Wednesday, August 3, 2011

New Collection: "Girl"

"Girl"     24" x18" x 5"
Gouache and High Voltage electricity
on corrugated fiberboard
This is the most recent piece I've done and it feels like it could be the end of this collection.

The painting started off with a stamp I found in a bargain bin at an art store. Amongst random fruit shapes and letters I found a script word "Girl". At first, backwards and upside down, it almost looked like kanji to me: a specific type of japanese calligraphy. Immediately I thought about the significance of the stamp in japanese culture, how a painting's worth was often determined by the people who had owned and signed it (through stamps).

How is a thing changed by the labels and signs we use to explain, define, and classify it? What about a person?

Here the tension and emotion created by the top layer which has been electrocuted repeatedly is intensified by a polyurethane coating, increasing the reflectivity and creating an almost shell-like appearance.

The figure in the center, created by the revealed bottom red layer which has been coated in layers of poly-acrylic resin, ink, and salt crystals, is actually the recurring "girl" stamp pattern which has been inverted, outlined, and splattered with paint. Again, what remains primary is the highlighting of natural, stylistic elements through outline and color contrast.

New Collection: "La Guitarra"

"La Guitarra"     24" x 18" x 5"
Gouache and High Voltage electricity
on corrugated fiberboard
After "Stripes" I didn't know what to do next. While I was brainstorming my brother, an aspiring musician here in Miami decided to set up on my patio where I work. Under the spinning ceiling fans I was serenaded, and it seemed even the mosquitos were lulled from their swarm.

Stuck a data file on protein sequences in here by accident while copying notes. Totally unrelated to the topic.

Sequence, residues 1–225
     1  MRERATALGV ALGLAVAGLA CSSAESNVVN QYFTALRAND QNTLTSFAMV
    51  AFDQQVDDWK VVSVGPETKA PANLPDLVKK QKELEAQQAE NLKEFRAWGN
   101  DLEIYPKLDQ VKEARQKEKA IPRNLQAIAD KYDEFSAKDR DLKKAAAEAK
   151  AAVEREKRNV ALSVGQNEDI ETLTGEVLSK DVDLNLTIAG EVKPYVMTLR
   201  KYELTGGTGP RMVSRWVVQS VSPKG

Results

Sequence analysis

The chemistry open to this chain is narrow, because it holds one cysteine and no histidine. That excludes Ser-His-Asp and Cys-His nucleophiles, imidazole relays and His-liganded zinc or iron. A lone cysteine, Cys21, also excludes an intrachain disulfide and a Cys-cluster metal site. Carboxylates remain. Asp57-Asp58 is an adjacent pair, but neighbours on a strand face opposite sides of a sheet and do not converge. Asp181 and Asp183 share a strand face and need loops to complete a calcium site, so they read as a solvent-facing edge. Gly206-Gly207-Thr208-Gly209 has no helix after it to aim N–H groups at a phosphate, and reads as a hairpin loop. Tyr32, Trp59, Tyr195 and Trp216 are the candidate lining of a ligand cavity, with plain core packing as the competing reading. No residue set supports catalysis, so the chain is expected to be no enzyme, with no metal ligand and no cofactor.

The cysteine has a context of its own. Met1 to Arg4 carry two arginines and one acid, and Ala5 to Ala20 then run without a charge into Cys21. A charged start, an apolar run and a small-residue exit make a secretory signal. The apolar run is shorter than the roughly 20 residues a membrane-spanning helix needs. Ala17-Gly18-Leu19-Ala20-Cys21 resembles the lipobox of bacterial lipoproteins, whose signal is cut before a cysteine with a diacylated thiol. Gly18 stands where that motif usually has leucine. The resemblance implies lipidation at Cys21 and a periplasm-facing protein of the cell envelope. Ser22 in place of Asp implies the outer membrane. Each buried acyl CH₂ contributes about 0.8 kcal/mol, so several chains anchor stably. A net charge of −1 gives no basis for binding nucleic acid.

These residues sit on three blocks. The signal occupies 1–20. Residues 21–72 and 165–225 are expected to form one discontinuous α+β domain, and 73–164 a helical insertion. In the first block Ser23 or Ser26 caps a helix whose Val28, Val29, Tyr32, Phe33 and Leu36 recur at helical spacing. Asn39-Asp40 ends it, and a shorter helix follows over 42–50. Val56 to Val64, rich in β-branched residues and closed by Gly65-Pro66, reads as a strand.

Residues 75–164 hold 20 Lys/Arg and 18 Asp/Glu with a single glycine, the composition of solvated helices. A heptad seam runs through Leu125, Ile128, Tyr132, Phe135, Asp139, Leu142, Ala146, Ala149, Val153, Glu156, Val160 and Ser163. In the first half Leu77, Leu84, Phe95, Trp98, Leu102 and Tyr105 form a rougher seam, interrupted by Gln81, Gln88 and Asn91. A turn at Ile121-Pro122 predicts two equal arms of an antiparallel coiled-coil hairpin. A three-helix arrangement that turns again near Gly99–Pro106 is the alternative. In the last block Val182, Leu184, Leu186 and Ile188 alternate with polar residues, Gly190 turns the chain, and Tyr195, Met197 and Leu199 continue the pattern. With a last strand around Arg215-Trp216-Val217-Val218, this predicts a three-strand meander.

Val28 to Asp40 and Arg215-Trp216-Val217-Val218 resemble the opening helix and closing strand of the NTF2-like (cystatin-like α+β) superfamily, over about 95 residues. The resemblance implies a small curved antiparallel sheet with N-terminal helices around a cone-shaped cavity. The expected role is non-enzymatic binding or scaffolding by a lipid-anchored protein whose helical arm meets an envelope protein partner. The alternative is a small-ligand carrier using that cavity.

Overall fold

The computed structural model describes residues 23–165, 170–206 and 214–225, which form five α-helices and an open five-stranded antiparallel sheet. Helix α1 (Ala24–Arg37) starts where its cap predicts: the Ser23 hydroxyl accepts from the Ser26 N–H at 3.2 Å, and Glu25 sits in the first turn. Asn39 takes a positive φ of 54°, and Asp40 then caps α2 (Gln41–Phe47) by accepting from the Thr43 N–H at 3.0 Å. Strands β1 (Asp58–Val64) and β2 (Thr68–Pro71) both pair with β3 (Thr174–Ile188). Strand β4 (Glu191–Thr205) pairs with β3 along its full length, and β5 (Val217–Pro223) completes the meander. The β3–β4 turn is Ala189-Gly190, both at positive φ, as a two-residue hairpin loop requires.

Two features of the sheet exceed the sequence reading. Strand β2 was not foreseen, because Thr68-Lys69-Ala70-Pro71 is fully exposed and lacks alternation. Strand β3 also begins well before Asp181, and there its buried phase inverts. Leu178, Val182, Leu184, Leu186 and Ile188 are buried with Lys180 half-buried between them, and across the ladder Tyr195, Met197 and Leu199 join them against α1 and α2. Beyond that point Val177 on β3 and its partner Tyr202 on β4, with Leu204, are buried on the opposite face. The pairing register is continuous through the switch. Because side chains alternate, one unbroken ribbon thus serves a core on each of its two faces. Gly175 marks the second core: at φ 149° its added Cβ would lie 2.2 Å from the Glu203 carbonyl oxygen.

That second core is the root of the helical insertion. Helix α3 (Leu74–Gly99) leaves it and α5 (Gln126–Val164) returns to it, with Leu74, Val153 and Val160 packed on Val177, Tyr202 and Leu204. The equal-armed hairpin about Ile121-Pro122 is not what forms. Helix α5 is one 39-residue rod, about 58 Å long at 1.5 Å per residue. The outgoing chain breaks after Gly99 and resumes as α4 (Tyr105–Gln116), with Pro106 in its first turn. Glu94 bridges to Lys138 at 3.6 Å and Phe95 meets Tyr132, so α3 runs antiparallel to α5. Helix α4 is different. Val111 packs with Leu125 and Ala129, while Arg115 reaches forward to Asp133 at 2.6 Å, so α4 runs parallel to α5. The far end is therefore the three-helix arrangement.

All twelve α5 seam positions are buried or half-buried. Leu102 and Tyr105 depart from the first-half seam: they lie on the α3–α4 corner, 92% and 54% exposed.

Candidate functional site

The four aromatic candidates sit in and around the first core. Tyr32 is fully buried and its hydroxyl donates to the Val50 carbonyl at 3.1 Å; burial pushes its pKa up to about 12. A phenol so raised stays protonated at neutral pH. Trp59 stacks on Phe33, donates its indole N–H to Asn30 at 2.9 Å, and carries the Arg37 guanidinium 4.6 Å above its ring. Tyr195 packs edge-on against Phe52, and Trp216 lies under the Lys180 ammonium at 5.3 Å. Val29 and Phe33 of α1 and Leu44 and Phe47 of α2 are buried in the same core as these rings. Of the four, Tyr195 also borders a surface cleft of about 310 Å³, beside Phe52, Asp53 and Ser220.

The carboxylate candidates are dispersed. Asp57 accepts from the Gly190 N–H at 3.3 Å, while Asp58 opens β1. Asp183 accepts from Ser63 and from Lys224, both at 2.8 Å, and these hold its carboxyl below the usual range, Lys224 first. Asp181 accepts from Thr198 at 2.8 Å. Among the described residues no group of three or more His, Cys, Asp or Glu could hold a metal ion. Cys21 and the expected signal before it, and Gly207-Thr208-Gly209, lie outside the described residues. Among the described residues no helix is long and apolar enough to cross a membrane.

After he left to go play at one of his gigs (probably the barracuda bar in the grove), I picked up his acoustic guitar and ran my fingers across the strings. After pretending to play Flamenco for a while I decided that it was as good of a model for a painting as anything else. So, I traced it onto my painting, an outline I later burnt away and replaced with a Polyurethane coated pattern of thinly painted lines: the pattern which decorated the wooden face of the guitar.

The texture on the surface of the painting, specifically the red abstractions which seem to be emanating from the guitar, was achieved by adding high water content paint to layers of salt. Again, I tried to focus as much as I could on the natural development of the painting, how the process itself shaped the resulting image. 

New Collection: "Stripes"

"Stripes"     18" x 24" x 4"
Gouache and High Voltage Electricity
on corrugated fiberboard
After "Sunset" I decided to move away from reference material all together and allow myself a little more liberty in creative expression. This piece was the most difficult one so far.

For this work I decided to go back to the idea of the layers being separate from one another, and how the interplay of unlike parts could create an interesting whole. This effect was intensified by the highlighted repeating pattern of orange and red which, unlike the green and blue, is on one plane yet contrasts enough to pull the viewer in.

Ultimately what became the most important part of this piece was the organic patterns which arose from high water content. The blending between the red and white is highlighted by thin, white, black, and red lines.